Stress: the good, the bad, and the ugly

advice.Morgan.48

Stress is a common cause of many health issues and is thought to be related to more than 70 percent of doctor visits. People don’t necessarily come to the doctor complaining of being “stressed,” but when we look closely at the source of many medical conditions, the common root is stress.

When most of us think of stress, we think of it in terms of an emotional reaction. The term “stressed out” is commonly used to define a state of feeling overwhelmed, exhausted, tired, burned-out, worried, anxious or frustrated.

However, stress is defined as something physical, emotional, or mental placing high demand on the body. Stress can be good or bad, depending on what the stressor is and how we control it.

The stress response itself is triggered by positive as well as negative events in our lives; our body does not know the difference. Subsequently, if the stress response is not “turned off” or managed, it could potentially lead to harmful health_advice.graphic.05consequences to our health.

The stress response is also known as the “fight or flight” response. When the body is triggered by an emotional, physical, or mental high demand, the response is turned on automatically.

In general, our body prepares itself to do just that: stay and fight/protect it, or run!!! Adrenaline is a key hormone involved in this process. Once activated, it causes a cascade of events in the body, including decreased blood flow to the area of brain that makes decisions, increased heart rate/pumping of blood with increased blood pressure, muscle tension, rapid breathing, etc.

If left unchecked, the reaction the body has to the stress trigger could potentially cause or worsen illnesses such as diabetes, high blood pressure, asthma, migraines, pain syndromes, obesity, depression, and many others. Due to these potential negative consequences to our health, the ability to manage stress is crucial to preventing mental and physical breakdown and illness.

Let’s face it: Stress is a reality and likely won’t disappear from our lives forever, so we need to equip ourselves to improve our health outcomes when under attack. There are several suggestions to managing stress; however, the key is to get the body into a state of relaxation.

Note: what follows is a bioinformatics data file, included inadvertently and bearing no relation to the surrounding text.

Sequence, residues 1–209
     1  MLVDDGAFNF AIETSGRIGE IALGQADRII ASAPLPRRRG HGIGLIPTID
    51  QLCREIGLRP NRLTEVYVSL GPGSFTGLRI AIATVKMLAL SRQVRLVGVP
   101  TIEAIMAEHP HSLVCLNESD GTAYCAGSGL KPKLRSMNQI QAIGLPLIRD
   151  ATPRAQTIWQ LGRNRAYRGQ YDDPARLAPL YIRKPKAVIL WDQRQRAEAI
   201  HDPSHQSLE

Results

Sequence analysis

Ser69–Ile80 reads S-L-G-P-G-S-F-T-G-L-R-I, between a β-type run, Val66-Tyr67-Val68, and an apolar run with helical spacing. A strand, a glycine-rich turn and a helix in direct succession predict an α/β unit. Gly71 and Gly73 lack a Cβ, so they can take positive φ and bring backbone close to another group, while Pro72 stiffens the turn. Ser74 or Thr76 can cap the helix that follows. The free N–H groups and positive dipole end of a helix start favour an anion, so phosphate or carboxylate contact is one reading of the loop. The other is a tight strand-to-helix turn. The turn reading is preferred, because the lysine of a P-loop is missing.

The relaxation response is essentially a physiological response that is the opposite of the stress response. In contrast to the hormone adrenaline that is released during the stress response, endorphins are released. These are chemicals/hormones that produce a sense of well-being, analgesia, and relaxation (i.e. heart rate slows down, blood pressure decreases, muscles relax). The ability to trigger this response is crucial to mastering stress.

Here are just a few suggestions for managing stress. The key is to put them into practice! Pick a few and learn to master them. You’ll be amazed at how good you’ll feel.

Think positive; keep a gratitude journal.

Make a change if able, and learn acceptance (i.e. “The Serenity Prayer”).

Say “no” or “not right now.”

Practice deep breathing daily (this is golden).

Live in the present (let go of past, forgive, and don’t worry about future; practice mindfulness).

Smile, laugh, have fun being silly.

Eat nutritious foods, drink water, exercise, and get enough sleep.

Do something fun, enjoy a hobby, volunteer; make yourself a priority-VIP.

Seek help if needed.

 

Hope this didn’t stress you out… Happy de-stressing!

 

is the chief medical officer/medical director at Metropolitan Health Plan (MHP). She is board-certified in pediatrics with additional training in healthcare administration, integrative medicine, and health coaching. She is an active advocate in the community in eliminating healthcare disparities and serves as the vice president of the Minnesota Association of Black Physicians. She is the author of the book VIP Very Important Patient: The African American Woman’s Guide to Health Care, Healing, & Wellness